National Truck Driver Appreciation Week: Honoring America's Unsung Heroes
Updated: Dec 16, 2021
The annual National Truck Driver Appreciation Week was September 12-18, 2021, presenting an important opportunity to thank the nation’s truck drivers for their commitment and hard work.
Truck drivers play a vital role in our day-to-day lives, supporting virtually all our daily activities, from delivering vaccines to ensuring the stores are well stocked in time for Christmas. Over the past 18 months, truck drivers have been crucial in moving the country forward, providing emergency supplies and aid to hurricane victims while transporting millions of tons of PPE, medical equipment, and vaccines throughout the COVID-19 pandemic.
Commercial truck drivers play a vital role in the lives of millions of consumers and business owners throughout the United States. Forming the backbone of the industry, they transport materials and products across the country and beyond. Without our nation’s truck drivers, business owners would not receive the materials they need to make products and run their companies. Every day, truck drivers deliver construction materials, fresh produce, and a plethora of other essential items to locations across the United States.
In a globalized economy, businesses are connecting across increasingly wide distances. The trucking industry drives the success of the American economy—every business relies on truck drivers to deliver the supplies and equipment they need to function.
National Truck Driver Appreciation Week took on a special significance this year in light of the crucial role that truckers have played throughout the COVID-19 pandemic, going out every day while many of us were under quarantine. From “I Heart Truck” signs on the highways to children passing out lunches, the public has taken even more notice of the vital role truck drivers play in our lives.
The trucking industry transported more than 11.8 billion tons of freight in 2019 alone, distributing goods valued at circa $772 billion. In fact, 68 percent of goods transported between Canada and the United States that year were transported by truck. Today, there are 3.6 million truck drivers in America.
With 70 percent of consumables transported via US highways, America’s transportation industry is crucial to the economy. Without truck drivers, the nation would soon run out of basic supplies such as food and fuel and grind to a standstill.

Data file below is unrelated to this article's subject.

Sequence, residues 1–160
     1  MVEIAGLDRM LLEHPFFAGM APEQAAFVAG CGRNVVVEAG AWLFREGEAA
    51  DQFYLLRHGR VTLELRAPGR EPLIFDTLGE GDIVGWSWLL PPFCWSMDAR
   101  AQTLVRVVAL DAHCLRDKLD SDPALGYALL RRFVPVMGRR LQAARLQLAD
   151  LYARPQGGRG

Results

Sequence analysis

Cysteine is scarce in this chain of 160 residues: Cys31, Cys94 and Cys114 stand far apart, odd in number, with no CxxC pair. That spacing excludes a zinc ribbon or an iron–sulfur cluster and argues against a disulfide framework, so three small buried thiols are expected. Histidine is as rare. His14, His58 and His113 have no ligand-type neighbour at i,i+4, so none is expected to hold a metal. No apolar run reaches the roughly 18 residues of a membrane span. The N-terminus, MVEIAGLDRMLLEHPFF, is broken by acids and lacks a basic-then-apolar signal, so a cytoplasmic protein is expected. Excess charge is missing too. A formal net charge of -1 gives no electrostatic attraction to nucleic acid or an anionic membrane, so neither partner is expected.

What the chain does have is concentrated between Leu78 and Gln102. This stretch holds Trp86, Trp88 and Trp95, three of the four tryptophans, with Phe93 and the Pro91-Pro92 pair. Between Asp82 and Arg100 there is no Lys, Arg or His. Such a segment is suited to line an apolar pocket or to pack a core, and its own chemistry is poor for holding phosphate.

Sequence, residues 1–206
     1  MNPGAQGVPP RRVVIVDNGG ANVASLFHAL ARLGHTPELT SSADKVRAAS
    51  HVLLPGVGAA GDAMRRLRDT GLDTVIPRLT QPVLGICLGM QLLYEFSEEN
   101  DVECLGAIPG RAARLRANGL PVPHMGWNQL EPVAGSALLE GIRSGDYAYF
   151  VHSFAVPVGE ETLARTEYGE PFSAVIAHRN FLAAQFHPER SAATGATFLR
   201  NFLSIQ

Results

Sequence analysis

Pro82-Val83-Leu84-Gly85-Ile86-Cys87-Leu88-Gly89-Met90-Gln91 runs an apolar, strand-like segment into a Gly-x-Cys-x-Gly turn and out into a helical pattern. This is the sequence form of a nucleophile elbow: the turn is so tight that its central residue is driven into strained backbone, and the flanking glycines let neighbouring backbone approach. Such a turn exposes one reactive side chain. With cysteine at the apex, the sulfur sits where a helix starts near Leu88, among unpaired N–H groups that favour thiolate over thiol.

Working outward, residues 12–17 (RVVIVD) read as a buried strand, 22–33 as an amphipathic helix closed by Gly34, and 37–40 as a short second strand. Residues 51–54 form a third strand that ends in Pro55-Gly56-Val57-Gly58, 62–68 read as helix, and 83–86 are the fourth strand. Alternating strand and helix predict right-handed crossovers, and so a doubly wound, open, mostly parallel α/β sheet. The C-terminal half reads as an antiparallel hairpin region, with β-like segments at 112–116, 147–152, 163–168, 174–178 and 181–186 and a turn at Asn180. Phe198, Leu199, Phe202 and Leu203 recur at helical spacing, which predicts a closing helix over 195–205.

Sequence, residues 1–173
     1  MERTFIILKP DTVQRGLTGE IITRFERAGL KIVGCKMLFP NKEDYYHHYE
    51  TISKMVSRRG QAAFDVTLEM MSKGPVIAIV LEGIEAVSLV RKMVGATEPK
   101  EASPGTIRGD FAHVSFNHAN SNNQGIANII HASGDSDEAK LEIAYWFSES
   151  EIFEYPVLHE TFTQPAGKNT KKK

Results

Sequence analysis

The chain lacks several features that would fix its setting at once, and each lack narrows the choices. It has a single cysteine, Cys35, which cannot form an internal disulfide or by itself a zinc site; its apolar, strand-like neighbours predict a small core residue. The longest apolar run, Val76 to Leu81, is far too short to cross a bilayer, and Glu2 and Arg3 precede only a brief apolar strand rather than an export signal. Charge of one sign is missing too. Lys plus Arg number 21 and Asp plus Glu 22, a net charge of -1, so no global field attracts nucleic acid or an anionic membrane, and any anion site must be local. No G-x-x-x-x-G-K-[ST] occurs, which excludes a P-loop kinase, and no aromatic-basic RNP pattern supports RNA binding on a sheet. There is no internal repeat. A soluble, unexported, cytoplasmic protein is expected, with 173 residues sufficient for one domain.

However, the American Trucking Associations reports a shortfall in truck drivers, warning that the industry will need to recruit approximately 1.1 million new truck drivers over the next 10 years to keep pace with current industry demand. In fact, the trucking industry has struggled to recruit enough drivers for more than a decade. With the average professional truck driver aged 55, there are not enough recruits coming into the sector to repopulate an aging workforce.
Women account for more than 50 percent of the total US population, but with outdated stereotypes still pervading, few are attracted to the transport industry. Just 6.7 percent of the trucking industry is made up of women. A common misconception is that truck driving is a physically demanding occupation, but upgrades to equipment and industrywide changes have made truck driving a highly inclusive occupation.
In the United Kingdom, truck driver shortages are becoming a significant problem, taking a heavy toll on the economy and impacting people’s daily lives as empty shelves become an increasingly frequent sight in grocery stores. A combination of Brexit, fallout from the COVID-19 pandemic, and increasing discontent within the industry has culminated in a drastic deficit in drivers.
With a minimum working week of 45 hours and antisocial shift patterns, just 27 percent of British truck drivers earned more than the median pay of a shop cashier, according to a poll conducted in 2020. Given the long, unpredictable hours and responsibility involved, UK truck drivers have been leaving the industry in droves. In the UK, the shortfall in truck drivers has resulted in serious failures in supply chains, with fresh produce rotting in the fields while shoppers face row upon row of empty shelves.
Supermarket chains have repeatedly lobbied for government intervention, citing a lack of foreign workers following Brexit as a significant obstacle, but, to date, the government has failed to intervene.
In the United States, the average truck driver covers almost 100,000 miles every year, equating to almost 40 trips across the United States annually. Founded in 1998 by the American Trucking Associations, National Truck Drivers Appreciation Week is an important opportunity for all of us to express our gratitude to truck drivers everywhere.
With more than 80 percent of US communities relying exclusively on truck drivers to transport commodities and goods, the event is a celebration of the trucking industry and an acknowledgment of the sacrifices of these frontline heroes. American Trucking Associations chair Sherri Garner Brumbaugh called on Americans everywhere to join her in honoring truck drivers, celebrating the vital contribution they make, both to the national economy and all our lives.